This is revised accounting standard 10  Property,Plant and Equipment(PPE),which has replaced AS 6 Depreciation and AS 10 Accounting for fixed assets. This revision of AS 10 has been made to be as par with IndAS and IFRS. 

 Accounting Standard 10 : Property, Plant And Equipment.


1.Property, plant and equipment are tangible
  items that:
  • Are held for use in the production or supply of goods or services, for rental to others, or for administrative purposes; and
  • Are expected to be used during more than a period of twelve months.

    *Bearer plant is a plant that
    • Is used in the production or supply of agricultural produce;
    • Is expected to bear produce for more than a period of twelve months; and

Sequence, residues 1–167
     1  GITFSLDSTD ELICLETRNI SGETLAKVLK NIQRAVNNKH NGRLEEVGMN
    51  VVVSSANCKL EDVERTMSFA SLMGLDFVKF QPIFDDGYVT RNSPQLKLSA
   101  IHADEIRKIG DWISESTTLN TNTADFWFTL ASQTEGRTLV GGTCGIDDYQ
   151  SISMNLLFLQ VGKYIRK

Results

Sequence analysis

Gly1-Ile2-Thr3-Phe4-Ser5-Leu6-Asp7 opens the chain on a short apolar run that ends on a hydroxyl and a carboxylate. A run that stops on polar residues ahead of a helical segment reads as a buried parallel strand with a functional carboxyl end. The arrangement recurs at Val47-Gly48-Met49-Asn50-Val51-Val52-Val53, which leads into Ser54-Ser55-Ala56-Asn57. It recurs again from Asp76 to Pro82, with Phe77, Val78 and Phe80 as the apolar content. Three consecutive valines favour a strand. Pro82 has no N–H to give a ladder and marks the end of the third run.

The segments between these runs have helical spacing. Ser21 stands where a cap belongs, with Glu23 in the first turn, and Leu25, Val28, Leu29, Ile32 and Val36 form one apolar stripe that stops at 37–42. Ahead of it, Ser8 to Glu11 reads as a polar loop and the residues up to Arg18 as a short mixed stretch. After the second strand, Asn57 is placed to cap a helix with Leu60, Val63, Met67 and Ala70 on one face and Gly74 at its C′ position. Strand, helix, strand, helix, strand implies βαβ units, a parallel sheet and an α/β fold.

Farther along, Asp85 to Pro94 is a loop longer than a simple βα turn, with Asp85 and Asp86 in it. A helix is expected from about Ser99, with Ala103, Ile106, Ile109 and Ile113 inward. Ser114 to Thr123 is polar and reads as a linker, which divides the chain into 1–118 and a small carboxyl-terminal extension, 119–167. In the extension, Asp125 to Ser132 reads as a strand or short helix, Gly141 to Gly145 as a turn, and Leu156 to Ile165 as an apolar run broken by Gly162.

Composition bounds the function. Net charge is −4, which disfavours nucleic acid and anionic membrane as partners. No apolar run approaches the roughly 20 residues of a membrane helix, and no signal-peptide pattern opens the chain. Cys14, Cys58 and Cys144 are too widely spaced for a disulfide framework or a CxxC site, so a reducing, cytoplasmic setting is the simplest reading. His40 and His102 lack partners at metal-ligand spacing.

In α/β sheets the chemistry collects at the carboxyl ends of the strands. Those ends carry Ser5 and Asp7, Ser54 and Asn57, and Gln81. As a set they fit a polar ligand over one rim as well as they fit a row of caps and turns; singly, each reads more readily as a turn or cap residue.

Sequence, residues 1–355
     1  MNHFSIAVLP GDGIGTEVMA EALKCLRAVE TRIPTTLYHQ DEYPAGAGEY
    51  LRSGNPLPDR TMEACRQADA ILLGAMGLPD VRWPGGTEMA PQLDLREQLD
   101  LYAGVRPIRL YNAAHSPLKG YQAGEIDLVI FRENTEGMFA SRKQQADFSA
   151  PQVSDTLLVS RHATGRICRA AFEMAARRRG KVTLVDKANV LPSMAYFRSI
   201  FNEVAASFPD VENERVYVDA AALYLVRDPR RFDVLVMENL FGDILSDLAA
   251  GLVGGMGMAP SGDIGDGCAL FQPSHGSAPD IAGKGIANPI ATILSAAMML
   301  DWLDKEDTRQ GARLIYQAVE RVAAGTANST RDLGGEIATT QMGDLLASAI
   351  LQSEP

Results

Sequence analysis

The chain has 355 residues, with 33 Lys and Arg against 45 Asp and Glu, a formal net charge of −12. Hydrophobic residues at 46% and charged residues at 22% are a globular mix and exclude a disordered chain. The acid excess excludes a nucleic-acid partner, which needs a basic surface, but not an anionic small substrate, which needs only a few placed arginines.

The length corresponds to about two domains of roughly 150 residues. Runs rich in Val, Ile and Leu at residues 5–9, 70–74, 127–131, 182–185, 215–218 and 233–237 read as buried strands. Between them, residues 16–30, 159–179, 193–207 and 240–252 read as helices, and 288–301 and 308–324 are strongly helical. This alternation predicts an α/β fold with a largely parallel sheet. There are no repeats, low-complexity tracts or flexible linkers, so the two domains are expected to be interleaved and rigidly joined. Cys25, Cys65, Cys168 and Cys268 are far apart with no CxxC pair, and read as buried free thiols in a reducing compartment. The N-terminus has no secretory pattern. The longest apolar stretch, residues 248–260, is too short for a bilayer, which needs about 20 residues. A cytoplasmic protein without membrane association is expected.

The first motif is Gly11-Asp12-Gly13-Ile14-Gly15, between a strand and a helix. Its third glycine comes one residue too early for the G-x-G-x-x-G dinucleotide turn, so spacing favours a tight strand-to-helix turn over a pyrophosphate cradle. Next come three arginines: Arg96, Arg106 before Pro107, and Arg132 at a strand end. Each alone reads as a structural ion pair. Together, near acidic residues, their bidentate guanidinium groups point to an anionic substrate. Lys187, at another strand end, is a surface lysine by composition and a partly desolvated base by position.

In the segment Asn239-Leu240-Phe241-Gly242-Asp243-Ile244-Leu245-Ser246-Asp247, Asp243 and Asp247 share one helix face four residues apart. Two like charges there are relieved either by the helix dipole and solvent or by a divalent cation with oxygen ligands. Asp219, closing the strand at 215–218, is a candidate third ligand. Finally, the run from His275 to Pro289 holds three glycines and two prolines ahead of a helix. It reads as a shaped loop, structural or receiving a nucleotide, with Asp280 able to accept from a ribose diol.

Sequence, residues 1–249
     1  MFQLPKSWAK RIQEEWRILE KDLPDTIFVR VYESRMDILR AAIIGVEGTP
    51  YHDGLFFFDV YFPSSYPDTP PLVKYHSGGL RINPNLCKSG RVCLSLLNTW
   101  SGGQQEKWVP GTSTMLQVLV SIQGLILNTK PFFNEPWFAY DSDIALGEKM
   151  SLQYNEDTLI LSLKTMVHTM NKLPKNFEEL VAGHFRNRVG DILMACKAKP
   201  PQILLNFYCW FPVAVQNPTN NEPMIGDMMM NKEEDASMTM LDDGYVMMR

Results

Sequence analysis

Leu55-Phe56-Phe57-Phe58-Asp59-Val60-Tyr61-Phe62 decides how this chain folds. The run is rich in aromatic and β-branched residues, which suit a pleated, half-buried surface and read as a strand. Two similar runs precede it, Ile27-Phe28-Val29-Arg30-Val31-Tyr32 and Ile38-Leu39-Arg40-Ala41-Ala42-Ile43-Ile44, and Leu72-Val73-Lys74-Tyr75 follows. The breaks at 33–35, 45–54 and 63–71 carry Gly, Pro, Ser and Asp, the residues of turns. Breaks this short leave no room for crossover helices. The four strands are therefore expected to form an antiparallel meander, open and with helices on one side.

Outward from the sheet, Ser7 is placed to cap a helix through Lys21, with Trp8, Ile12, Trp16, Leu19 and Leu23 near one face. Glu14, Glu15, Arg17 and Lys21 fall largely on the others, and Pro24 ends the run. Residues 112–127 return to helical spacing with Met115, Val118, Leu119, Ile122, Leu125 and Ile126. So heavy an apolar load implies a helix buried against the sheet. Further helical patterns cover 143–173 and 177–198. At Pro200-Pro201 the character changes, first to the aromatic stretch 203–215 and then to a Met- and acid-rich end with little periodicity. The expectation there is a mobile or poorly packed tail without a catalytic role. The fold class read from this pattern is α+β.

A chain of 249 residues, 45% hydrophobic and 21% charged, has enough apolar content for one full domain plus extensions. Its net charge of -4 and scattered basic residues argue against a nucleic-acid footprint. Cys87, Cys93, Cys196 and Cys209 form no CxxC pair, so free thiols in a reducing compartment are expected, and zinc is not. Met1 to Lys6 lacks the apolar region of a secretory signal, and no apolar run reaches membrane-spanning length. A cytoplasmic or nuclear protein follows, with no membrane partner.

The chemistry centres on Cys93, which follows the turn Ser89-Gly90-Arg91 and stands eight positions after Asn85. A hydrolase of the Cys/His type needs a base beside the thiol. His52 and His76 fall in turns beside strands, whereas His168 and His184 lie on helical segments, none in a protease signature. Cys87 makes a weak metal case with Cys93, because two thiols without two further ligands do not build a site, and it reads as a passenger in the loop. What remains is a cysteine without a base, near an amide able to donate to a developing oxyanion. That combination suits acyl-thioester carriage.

• Has a remote likelihood of being sold as agricultural produce, except for incidental scrap sales.

* Biological Asset is a living animal or plant.
*Agricultural Produce is the harvested product of biological assets of the enterprise.


2. The cost of an item of property, plant and equipment should be recognized as an asset if, and only if:
  • It is probable that future economic benefits associated with the item will flow to the enterprise; and
  • The cost of the item can be measured reliably.

3. Items such as spare parts, stand-by equipment and servicing equipment are recognized in accordance with this Standard when they meet the definition of property, plant and equipment. Otherwise, such items are classified as inventory.